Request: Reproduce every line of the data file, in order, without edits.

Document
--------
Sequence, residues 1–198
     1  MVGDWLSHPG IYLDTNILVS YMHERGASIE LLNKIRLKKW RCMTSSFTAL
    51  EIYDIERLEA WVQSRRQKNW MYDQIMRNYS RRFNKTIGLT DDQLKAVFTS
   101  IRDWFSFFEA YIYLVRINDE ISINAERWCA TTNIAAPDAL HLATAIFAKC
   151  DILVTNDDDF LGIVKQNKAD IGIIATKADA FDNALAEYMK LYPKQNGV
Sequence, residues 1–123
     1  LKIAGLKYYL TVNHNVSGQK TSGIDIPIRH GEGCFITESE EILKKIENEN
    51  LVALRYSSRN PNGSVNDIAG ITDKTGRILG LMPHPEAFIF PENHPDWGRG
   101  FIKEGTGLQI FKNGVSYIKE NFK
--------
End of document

Sequence, residues 1–198
     1  MVGDWLSHPG IYLDTNILVS YMHERGASIE LLNKIRLKKW RCMTSSFTAL
    51  EIYDIERLEA WVQSRRQKNW MYDQIMRNYS RRFNKTIGLT DDQLKAVFTS
   101  IRDWFSFFEA YIYLVRINDE ISINAERWCA TTNIAAPDAL HLATAIFAKC
   151  DILVTNDDDF LGIVKQNKAD IGIIATKADA FDNALAEYMK LYPKQNGV
Sequence, residues 1–123
     1  LKIAGLKYYL TVNHNVSGQK TSGIDIPIRH GEGCFITESE EILKKIENEN
    51  LVALRYSSRN PNGSVNDIAG ITDKTGRILG LMPHPEAFIF PENHPDWGRG
   101  FIKEGTGLQI FKNGVSYIKE NFK